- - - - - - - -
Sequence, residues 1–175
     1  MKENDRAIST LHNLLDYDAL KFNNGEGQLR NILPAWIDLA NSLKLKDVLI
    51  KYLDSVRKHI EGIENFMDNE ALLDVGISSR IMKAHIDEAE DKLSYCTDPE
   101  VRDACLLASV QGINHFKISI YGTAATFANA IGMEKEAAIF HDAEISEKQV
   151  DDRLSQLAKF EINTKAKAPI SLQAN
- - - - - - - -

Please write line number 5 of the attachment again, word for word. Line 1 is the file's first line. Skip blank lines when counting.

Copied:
   151  DDRLSQLAKF EINTKAKAPI SLQAN